The gist: Virgin will take over Helio’s subscriber base and keep its own brand. Helio’s majority owner SK Telecom (SKM) will invest a “nominal sum” in Virgin. (Financial details not yet reported.)
When we first heard about this deal in May, we thought it made sense — we said the two operators could benefit from better scale, complementary services, better distribution, etc. Why wouldn’t Virgin want Helio’s cool phones and subscribers that spend $80 a month on service?
But after thinking about it some more — and watching Apple (AAPL) announce a $199 3G iPhone that’s better than anything Helio’s ever offered, and watching interest in Helio continue to drop — we’re more inclined to agree with Pali Research analyst Walter Piecyk, who ripped the deal to shreds yesterday in a research note (registration required).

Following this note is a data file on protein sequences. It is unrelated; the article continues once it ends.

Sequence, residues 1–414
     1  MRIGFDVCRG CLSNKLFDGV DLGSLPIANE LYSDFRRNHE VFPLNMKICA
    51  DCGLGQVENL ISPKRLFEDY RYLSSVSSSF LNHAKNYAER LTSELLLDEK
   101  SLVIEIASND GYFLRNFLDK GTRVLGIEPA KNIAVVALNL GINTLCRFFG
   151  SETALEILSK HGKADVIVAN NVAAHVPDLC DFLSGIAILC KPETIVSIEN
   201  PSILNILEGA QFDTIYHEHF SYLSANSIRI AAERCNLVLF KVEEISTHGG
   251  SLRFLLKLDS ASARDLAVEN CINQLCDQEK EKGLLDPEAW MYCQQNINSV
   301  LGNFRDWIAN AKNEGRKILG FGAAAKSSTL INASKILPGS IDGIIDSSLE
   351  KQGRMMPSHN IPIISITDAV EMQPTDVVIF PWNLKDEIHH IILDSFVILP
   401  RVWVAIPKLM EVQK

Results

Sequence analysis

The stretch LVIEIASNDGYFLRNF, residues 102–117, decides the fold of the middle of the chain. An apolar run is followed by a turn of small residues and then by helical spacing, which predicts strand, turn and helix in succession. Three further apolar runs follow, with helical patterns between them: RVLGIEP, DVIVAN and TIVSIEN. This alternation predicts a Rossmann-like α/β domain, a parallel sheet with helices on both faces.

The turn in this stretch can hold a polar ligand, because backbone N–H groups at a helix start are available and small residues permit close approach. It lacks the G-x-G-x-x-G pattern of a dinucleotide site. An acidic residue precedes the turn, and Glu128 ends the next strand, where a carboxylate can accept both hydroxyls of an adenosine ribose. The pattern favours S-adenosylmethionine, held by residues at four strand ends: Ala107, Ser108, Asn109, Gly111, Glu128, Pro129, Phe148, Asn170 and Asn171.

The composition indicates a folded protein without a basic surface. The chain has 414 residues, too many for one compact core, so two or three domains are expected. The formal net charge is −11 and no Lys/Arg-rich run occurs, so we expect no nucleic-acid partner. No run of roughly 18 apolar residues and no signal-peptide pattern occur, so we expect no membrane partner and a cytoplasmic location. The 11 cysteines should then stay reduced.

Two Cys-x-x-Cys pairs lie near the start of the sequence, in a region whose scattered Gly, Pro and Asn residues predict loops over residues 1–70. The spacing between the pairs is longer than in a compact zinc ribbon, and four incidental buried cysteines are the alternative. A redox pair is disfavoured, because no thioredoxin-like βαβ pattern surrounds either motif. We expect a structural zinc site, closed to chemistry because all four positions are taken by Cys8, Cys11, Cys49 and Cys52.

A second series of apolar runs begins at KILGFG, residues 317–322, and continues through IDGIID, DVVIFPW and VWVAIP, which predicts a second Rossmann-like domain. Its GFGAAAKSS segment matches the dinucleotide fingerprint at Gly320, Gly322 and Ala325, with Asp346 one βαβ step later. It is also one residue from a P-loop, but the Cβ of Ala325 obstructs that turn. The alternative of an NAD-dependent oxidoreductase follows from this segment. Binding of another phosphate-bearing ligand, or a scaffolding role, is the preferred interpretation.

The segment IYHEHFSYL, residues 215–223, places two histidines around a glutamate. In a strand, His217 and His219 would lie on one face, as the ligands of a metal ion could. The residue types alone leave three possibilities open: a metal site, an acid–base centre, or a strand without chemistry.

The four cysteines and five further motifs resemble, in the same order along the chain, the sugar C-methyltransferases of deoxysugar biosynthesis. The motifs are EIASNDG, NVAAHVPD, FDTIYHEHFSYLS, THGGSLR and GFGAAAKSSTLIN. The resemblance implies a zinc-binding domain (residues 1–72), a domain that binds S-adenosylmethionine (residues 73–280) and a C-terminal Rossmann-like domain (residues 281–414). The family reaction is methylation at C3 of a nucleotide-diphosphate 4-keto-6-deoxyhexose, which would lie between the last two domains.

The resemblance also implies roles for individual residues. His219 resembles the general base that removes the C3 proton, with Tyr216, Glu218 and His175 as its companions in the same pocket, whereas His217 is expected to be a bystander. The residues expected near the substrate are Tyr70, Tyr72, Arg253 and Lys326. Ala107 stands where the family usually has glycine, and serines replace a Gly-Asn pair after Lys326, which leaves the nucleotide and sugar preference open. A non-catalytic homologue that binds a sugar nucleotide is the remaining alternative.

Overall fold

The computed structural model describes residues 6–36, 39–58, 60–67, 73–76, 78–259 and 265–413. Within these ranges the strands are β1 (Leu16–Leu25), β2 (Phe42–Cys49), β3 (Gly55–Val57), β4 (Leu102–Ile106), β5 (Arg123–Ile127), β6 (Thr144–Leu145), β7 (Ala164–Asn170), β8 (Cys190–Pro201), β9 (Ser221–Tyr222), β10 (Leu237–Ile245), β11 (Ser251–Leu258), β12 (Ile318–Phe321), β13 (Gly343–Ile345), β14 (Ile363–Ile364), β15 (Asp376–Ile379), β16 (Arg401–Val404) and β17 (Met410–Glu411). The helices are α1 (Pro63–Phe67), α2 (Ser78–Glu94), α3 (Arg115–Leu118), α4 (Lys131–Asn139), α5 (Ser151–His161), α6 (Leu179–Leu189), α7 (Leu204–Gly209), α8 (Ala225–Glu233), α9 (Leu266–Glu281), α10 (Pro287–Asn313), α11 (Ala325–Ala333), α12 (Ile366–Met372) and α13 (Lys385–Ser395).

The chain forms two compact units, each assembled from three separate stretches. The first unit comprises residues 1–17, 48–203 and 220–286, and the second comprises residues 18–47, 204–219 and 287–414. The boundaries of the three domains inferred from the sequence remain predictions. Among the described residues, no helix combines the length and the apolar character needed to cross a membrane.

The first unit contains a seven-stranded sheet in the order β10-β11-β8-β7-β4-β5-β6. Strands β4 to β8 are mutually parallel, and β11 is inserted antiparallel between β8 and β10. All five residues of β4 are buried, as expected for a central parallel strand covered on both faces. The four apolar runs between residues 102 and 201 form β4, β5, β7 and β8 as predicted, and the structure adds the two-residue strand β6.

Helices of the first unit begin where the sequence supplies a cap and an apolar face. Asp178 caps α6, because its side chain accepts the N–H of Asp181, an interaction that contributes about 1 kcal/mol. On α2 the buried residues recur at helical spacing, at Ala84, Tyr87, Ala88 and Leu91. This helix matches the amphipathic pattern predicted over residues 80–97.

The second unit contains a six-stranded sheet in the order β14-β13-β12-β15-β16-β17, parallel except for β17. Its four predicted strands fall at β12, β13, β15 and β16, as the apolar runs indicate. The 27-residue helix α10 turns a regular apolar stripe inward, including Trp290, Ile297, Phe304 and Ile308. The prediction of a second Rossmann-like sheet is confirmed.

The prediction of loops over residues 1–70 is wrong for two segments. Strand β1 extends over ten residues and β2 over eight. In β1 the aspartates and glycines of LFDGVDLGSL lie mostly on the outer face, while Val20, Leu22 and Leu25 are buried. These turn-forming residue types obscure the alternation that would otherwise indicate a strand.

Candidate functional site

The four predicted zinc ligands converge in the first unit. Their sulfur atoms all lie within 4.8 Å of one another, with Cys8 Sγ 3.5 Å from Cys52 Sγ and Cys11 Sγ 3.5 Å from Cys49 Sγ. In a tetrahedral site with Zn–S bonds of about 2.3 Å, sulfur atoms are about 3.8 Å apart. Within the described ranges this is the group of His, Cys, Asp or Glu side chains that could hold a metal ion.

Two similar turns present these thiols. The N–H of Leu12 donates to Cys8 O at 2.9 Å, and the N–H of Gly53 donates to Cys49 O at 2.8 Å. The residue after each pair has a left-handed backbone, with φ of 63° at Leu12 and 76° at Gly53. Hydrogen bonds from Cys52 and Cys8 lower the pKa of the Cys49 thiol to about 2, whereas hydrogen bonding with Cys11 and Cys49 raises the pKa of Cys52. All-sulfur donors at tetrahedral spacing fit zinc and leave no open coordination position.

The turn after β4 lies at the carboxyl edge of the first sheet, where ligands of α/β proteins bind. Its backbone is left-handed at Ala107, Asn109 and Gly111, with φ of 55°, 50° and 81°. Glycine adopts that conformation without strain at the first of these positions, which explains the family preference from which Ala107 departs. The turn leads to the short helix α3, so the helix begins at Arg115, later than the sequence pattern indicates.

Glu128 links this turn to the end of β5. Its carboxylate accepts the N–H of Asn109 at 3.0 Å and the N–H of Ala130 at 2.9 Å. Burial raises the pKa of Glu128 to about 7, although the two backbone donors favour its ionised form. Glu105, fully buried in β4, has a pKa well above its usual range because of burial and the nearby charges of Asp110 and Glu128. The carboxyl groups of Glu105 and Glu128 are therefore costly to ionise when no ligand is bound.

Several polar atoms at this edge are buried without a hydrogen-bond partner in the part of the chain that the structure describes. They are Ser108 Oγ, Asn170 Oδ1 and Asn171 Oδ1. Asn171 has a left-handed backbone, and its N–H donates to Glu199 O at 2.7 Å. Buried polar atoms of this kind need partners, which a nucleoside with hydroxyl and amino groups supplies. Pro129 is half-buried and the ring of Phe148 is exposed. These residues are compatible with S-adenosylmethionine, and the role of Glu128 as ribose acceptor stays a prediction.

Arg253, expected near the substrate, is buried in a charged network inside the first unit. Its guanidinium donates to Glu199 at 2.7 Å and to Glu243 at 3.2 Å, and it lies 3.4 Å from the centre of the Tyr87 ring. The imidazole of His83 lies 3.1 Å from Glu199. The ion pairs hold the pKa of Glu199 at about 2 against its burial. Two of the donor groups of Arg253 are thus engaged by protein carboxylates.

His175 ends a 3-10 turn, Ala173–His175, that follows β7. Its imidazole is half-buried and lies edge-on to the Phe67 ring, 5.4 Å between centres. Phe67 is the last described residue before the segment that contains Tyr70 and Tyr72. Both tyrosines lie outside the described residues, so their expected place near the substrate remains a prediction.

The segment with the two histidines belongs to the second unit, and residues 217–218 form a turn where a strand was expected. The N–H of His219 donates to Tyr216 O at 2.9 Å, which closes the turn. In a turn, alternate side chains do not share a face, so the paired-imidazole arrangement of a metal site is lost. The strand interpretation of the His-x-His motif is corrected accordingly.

It always concerns us when companies move out of their comfort zone with a new strategy, particularly one as challenging as wireless resale. The unlimited rate plans and high end phones that Helio sells are now competing with unlimited rate plans recently launched by the major operators and high end phones like the iPhone, Blackberry and Instinct that are not available on Helio.
The biggest problems, outlined by Piecyk: Virgin Mobile is having a hard enough time eking out a profit in its existing business of selling cheap, pre-paid phone service, which is only going to get more competitive. (Virgin made $4.2 million on $1.2 billion of revenue last year.) And even once Helio is worked into Virgin’s distribution network, it doesn’t add much.
With only about 200,000 subscribers, Helio isn’t going to do much to increase Virgin’s 5 million subscribers, which means it won’t have much more leverage when it tries to negotiate with wholesaler Sprint Nextel (S). So there goes the theoretical “scale” benefit. And Helio’s P&L certainly won’t help Virgin’s numbers: Helio lost $327 million last year on $171 million of revenue.
Bottom line: Unless we’re missing something huge, we don’t see what Virgin is getting out of this — other than the goodwill of Helio investors — SK Telecom and EarthLink (ELNK) — who’ve been watching their money disappear at an alarming rate.
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